Tuesday, May 15, 2018

Early Iraq Election Results, 16 of 18 Provinces


The Iraq Election Commission has reported the results for all but Dohuk and Kirkuk provinces. The Sairoon list made up of Moqtada al-Sadr’s followers, the Communists and civil society groups continued its lead with 6 first place finishes including in Baghdad, and 4 second place positions including Basra.

With the lowest turnout since elections started in 2005 at 44%, Sairoon proved to have the strongest organization. 1st Sadr has a proven base coming from his family’s religious following, its social work in poor Shiite areas, his militia Saraya al-Salam, and a patronage network built up from holding ministries for the last 13 years. He was also the only leader that seriously embraced the reform trend in the country that has expressed itself in annual demonstrations calling for an end to corruption, better services and government, and an end to the ethnosectarian political quota system. As part of that he allied himself with the Iraqi Communist Party and civil organizations, which had been at the forefront of the protest movement. He also banned his Ahrar bloc from running. That set Sairoon apart from almost every other list because he had new faces running, and could claim that they were not the establishment.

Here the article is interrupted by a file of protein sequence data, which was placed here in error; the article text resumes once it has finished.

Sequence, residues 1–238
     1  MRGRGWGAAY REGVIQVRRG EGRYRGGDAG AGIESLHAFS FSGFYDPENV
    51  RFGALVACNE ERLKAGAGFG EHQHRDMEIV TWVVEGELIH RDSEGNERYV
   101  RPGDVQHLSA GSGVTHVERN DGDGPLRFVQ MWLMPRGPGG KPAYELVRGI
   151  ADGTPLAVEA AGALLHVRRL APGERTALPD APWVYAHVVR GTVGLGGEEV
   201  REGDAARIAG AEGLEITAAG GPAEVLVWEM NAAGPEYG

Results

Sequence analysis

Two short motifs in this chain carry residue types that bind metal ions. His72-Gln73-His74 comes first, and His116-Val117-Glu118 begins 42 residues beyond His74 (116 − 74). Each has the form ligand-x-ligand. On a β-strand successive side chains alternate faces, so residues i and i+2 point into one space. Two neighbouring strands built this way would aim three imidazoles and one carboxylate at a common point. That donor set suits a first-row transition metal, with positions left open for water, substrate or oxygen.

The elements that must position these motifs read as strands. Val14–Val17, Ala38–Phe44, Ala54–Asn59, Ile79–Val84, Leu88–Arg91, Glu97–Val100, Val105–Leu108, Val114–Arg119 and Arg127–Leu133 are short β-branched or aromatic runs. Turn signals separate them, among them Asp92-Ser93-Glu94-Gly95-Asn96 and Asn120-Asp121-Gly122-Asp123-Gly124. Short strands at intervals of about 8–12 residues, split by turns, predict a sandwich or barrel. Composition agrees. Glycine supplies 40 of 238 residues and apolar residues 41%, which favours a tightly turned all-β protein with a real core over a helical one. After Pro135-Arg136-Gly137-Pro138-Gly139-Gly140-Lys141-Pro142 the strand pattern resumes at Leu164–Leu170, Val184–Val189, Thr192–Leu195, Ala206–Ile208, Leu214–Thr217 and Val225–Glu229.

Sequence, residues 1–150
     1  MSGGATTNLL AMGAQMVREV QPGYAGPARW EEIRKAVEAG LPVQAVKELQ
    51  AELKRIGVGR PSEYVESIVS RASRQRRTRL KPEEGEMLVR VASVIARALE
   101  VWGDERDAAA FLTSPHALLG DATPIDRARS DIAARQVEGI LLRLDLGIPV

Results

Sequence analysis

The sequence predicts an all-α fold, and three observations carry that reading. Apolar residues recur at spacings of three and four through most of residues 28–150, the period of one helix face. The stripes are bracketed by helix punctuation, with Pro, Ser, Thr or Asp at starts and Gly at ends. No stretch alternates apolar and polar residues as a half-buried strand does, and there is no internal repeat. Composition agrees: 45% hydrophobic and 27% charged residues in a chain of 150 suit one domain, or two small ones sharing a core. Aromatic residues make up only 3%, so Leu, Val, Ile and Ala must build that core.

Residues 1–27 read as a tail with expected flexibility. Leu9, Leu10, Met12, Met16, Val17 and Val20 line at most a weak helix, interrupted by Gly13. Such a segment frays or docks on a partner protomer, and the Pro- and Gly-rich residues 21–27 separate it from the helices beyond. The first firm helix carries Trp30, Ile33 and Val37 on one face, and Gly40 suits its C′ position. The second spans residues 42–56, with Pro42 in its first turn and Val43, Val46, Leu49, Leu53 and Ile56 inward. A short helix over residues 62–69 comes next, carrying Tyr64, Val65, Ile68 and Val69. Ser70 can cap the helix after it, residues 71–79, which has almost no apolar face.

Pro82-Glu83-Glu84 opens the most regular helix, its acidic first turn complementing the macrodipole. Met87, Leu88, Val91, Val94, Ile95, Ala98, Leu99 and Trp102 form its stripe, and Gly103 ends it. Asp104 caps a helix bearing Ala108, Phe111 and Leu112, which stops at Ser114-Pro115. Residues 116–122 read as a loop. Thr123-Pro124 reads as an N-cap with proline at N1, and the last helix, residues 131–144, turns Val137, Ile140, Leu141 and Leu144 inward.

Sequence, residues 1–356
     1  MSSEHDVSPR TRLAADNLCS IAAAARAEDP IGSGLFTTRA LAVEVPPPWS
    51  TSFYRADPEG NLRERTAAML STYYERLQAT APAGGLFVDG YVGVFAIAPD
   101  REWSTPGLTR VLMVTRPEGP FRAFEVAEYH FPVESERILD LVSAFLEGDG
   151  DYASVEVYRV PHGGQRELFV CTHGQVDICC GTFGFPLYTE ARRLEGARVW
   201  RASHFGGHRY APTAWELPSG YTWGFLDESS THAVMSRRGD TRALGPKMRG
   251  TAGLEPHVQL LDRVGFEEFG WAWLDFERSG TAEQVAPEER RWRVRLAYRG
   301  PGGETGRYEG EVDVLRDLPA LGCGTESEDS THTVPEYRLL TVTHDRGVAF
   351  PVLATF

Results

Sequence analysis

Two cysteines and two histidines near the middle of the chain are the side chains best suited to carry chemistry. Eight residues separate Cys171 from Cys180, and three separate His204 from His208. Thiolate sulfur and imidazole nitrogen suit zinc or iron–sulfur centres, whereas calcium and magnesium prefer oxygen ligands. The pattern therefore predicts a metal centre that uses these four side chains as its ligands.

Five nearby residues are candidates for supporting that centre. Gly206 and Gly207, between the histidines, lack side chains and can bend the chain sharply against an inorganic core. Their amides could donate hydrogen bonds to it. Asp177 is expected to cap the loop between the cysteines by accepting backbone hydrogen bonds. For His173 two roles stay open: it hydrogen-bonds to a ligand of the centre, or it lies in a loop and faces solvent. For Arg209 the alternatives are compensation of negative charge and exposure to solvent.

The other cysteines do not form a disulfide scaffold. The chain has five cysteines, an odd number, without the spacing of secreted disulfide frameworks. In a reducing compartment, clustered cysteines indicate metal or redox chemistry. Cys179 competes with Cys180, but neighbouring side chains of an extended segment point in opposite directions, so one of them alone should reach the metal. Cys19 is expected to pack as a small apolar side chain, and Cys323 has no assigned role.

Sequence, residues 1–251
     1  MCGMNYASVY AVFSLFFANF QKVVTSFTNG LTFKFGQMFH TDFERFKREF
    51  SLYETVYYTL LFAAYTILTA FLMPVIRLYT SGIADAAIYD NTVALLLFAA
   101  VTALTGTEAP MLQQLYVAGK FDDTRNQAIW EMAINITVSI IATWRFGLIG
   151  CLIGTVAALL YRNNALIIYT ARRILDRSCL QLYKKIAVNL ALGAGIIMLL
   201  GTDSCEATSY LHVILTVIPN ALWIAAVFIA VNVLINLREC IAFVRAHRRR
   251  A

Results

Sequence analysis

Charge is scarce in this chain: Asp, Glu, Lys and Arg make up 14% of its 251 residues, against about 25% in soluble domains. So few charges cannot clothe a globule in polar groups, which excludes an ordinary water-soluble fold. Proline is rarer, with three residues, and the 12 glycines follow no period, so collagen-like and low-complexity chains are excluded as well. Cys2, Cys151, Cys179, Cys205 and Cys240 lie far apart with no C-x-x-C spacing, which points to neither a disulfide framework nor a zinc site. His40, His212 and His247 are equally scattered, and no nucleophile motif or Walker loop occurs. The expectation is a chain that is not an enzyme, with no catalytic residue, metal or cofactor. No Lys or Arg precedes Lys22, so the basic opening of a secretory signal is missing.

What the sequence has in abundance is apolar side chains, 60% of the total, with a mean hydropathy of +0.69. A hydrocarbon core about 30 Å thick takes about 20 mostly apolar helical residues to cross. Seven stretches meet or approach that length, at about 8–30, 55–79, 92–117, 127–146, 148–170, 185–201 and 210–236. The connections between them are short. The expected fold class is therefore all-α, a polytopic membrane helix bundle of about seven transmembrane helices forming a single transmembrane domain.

Sairoon has to now form a coalition. Its two main demands, which grew out of the demonstrations were for a technocratic government and an end to ministries and positions in government being divided using ethnosectarian quotas. That will be a huge challenge as Sairoon’s lead over the other parties is not so great that it will be able to dictate terms. Rather like previous government formation processes there will be plenty of compromises and promises made. Again, because the top lists call came in so close those negotiations could take a very long time before a new prime minister is named.

Coming in second place was the Fatah list led by the Badr Organization and Haidi Amiri, which is made up of pro-Iran Hashd groups. It took five provinces including Basra and finished second in seven others such as Baghdad. Badr used to be the militia of the Islamic Supreme Council of Iraq and has been in the government since 2005. The list proved to have a strong following amongst the families of Hashd members. Those fighters also built up a strong mythos in southern Iraq of average people who defended their country from the Islamic State. Sadr has continuously denounced many of the groups within Fatah for their abuses during the war, for their reliance upon Iran, and for being longtime rivals. Badr and Sadr’s old militia the Mahdi Army had running battles from Baghdad down to Basra for much of the U.S. occupation, and others like Asaib Ahl Al-Haq and Kataib Hezbollah were breakaway factions. Given that history it will add another level of difficulty to putting a new government together. At the same time, all of them since 2005 have included all parties, and Tehran will likely put a huge amount of pressure for all the Shiite lists to unite as they traditionally have.